It was on Thursday evening that the SRSA responded to the general request from the US for overseas help. The Swedish Government decided on Friday to task the SRSA with the planning for and execution of despatching humanitarian aid to the US if they request it."

The initial response from Sweden came on the day of the disaster when the Embassy in Washington offered Swedish aid. It took until Thursday lunchtime, Swedish time (i.e. Thursday morning, Washington time) for the response to be answered by the US.

What the SRSA can and will provide includes pre-fabricated houses and an emergency mobile telephone system (for existing cellphones).

There have been a couple of good articles by Paul Krugman in the New York Times about the consequences of 'starving the beast' (i.e. minimising public services in favour of private ones). Basically, if you think that the private sector can create a civilised, fully-functioning modern state, then think again. The United States had a good public sector for enough years in the 20th century to provide a basic infrastructure, and it's taken 30 years or so of neglect for that infrastructure to start showing the strain. In the first years after the freeze on investment and the privatisation of all the 'profitable' bits, the machine will keep running on its own momentum. Then things start to break down (take a look at the UK water, electricity, gas, sewerage, public transport, telephone, etc, etc systems or the Swedish electricity supply system after deregulation).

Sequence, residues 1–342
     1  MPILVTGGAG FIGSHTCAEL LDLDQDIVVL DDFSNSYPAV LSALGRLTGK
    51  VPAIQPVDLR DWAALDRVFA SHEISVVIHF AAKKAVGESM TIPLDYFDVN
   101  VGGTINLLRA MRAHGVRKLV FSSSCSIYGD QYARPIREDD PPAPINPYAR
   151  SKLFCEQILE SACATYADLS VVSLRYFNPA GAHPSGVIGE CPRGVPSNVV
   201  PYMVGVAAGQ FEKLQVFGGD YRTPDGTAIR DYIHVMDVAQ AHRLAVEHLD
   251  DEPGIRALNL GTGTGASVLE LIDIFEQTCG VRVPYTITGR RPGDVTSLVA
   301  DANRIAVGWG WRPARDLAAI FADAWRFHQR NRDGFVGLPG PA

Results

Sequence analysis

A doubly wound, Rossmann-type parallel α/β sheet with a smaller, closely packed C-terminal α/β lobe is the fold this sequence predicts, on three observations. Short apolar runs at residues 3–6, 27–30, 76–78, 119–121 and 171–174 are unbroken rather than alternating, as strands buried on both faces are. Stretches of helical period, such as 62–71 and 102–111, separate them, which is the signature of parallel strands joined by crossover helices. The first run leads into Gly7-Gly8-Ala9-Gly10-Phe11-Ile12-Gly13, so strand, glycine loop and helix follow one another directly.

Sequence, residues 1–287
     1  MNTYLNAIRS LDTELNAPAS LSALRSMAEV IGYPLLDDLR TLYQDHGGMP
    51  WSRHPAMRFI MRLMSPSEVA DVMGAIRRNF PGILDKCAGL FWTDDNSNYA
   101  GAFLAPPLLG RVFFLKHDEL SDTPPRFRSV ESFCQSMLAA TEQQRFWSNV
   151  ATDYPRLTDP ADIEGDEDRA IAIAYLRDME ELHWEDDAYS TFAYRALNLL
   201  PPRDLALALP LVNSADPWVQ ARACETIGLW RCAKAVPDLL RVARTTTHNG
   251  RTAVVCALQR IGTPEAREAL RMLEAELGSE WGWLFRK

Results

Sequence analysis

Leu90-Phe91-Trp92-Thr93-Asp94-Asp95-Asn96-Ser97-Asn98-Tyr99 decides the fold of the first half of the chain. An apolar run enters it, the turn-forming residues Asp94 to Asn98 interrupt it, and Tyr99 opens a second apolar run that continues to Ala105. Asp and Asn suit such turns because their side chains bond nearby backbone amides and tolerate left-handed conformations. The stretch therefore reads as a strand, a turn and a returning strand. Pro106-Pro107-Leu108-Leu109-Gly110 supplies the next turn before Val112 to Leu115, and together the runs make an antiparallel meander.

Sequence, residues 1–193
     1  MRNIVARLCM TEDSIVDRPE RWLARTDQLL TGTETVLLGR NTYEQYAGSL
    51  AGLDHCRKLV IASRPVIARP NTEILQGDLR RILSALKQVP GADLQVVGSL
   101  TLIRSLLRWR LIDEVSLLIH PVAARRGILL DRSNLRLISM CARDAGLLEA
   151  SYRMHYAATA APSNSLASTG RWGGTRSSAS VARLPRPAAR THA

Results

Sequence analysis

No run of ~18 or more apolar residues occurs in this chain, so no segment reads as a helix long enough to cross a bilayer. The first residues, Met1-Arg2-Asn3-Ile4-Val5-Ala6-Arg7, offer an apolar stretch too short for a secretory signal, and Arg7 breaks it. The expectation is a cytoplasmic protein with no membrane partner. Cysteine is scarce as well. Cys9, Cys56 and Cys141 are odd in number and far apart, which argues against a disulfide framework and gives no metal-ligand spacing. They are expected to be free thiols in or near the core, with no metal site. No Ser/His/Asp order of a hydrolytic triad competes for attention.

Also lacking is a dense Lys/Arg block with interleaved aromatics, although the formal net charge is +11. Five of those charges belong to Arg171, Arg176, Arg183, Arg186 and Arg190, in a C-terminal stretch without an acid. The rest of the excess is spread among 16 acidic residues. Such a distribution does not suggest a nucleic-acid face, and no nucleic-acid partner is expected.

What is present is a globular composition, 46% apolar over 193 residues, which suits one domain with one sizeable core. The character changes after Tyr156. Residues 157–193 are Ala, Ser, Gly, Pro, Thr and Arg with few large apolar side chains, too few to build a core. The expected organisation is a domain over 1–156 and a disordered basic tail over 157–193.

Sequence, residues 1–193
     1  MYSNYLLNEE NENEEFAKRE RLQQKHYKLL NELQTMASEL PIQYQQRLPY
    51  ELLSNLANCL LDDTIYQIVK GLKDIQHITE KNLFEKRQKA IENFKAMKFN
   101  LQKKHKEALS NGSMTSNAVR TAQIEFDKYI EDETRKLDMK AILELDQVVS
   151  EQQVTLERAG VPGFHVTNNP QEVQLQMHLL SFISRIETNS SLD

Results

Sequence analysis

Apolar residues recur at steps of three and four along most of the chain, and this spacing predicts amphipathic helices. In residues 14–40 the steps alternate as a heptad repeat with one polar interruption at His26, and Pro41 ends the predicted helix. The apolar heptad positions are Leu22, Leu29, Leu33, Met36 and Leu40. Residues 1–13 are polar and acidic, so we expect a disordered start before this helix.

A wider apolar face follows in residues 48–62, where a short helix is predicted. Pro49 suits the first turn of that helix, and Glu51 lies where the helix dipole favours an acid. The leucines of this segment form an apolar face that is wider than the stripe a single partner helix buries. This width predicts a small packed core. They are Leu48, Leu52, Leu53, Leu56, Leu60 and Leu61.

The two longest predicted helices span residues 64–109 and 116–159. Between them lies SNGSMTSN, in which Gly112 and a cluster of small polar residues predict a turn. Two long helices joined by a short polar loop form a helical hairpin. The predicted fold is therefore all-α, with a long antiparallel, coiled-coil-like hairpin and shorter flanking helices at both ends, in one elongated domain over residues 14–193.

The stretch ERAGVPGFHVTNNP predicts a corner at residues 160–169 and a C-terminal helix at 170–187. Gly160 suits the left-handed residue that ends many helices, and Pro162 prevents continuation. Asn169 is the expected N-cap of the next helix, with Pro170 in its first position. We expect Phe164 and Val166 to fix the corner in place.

The tragedy for just about all of the Sun Belt states is that their basic infrastructure was never that good in the first place and that there just weren't any people in positions of authority who pushed to provide states like Mississippi, Louisiana and Alabama with a 'first-world' society. Perhaps one of the 'good outcomes' of this terrible natural disaster, though, will be to help wean European voters off the idea that you can cut public services without there being any real costs.